“It’s not simply revoking what Bolsonaro did, it’s recreating organs from scratch, setting up teams, and repopulating the Amazon with supervision. If the government doesn’t show itself present inside the forest, the crimes will continue to happen,” warned Senra.

Amazon Fund to be reactivated

The Amazon Fund was created in 2008 to raise funds for preservation and inspection projects in the Amazon rainforests. The main donors were Norway and Germany and, by 2017, the fund had raised about US$1.3 billion, according to its 2021 annual report.

However, in the first year of the Bolsonaro government, former Environment Minister, Ricardo Salles, announced his intention to change the management of resources and liquidated those committees responsible for overseeing money management and distribution.

Back then, Norway and Germany, which contributed more than 99% of the donations, decided to suspend funding. Over 3.2 billion reais (US$ 627 million) has been frozen since then according to Brazil’s Supreme Court. With Lula’s election as President, both countries have said they would resume funding from 2023.

Amazon Fund

As confirmation of this intention, shortly after the election of the new President, visiting German Prime Minister, Olaf Scholz, announced €200 million for the protection of the Amazon and projects involving renewable energies in Brazil. Of the total amount, €35 million will be earmarked exclusively for the Amazon Fund.

“With the Amazon Fund functioning, and with the political decision of the Lula government and Minister Marina Silva to primarily fight deforestation and manage to lower rates quickly, I understand that the Amazon Fund will once again be a space where the international community can remunerate the country for services to reduce deforestation and emissions,” evaluated Raul do Valle, a specialist in public policies at the environmental entity, WWF-Brasil.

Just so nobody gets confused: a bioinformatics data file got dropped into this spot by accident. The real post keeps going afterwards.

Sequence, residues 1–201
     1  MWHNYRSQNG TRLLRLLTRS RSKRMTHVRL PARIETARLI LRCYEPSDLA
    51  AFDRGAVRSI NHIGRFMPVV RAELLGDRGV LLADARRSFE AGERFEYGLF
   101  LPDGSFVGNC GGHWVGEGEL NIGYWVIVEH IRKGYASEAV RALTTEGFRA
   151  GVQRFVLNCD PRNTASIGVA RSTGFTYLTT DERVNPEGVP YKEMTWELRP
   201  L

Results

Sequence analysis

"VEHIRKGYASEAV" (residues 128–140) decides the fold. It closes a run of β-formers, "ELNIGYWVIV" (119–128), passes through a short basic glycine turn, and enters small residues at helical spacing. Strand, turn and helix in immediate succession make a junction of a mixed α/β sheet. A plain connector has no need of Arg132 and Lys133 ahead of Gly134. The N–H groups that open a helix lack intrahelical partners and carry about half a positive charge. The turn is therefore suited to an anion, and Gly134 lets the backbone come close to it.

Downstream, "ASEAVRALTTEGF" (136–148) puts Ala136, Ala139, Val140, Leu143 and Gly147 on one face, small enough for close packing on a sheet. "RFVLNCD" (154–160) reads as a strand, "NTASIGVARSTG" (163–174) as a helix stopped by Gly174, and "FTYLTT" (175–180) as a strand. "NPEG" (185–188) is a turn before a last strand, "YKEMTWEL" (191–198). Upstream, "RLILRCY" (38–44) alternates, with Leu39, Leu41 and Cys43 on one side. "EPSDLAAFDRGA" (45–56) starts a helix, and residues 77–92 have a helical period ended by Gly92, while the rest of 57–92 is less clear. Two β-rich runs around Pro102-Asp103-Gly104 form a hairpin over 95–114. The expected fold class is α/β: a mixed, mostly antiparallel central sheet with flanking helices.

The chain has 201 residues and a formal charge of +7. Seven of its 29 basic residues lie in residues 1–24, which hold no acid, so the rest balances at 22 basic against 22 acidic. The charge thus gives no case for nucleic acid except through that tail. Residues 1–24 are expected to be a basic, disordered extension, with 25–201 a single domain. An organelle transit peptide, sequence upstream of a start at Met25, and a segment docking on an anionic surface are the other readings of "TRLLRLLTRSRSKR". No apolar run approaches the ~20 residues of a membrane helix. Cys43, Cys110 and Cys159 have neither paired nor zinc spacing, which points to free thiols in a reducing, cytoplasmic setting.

What has already worked in the Amazon?

The country has already managed to curb deforestation in the Amazon on other occasions. Between 2004 to 2012, during Lula’s first two terms as President, there was an 83% drop in activity after the federal government implemented the Action Plan for the Prevention and Control of Deforestation in the Legal Amazon, the main public policy created for the region in recent years. The plan involved more than 10 ministries and was based on the idea that deforestation cannot be tackled in isolation by environmental agencies, but must be addressed in a comprehensive and integrated manner by a range of federal government bodies.

A similar plan is expected to be put in place now that Lula has been elected for a third term, with the monitoring of the Amazon through satellites, the application of environmental laws and the expansion of protected areas, such as indigenous lands and conservation units. In addition, farmers who deforested the forest will have restricted access to loans and priority policies will be enforced in northern Brazilian cities with the highest degree of deforestation.

“Lula will not be able to bring deforestation to zero [in four years], but he will need to reduce it. To do this in the short term, it will require articulation and collaboration from around the world. It is a demand from the entire planet, not just from Brazil,” comments climate and emissions manager at Imaflora, Isabel Garcia.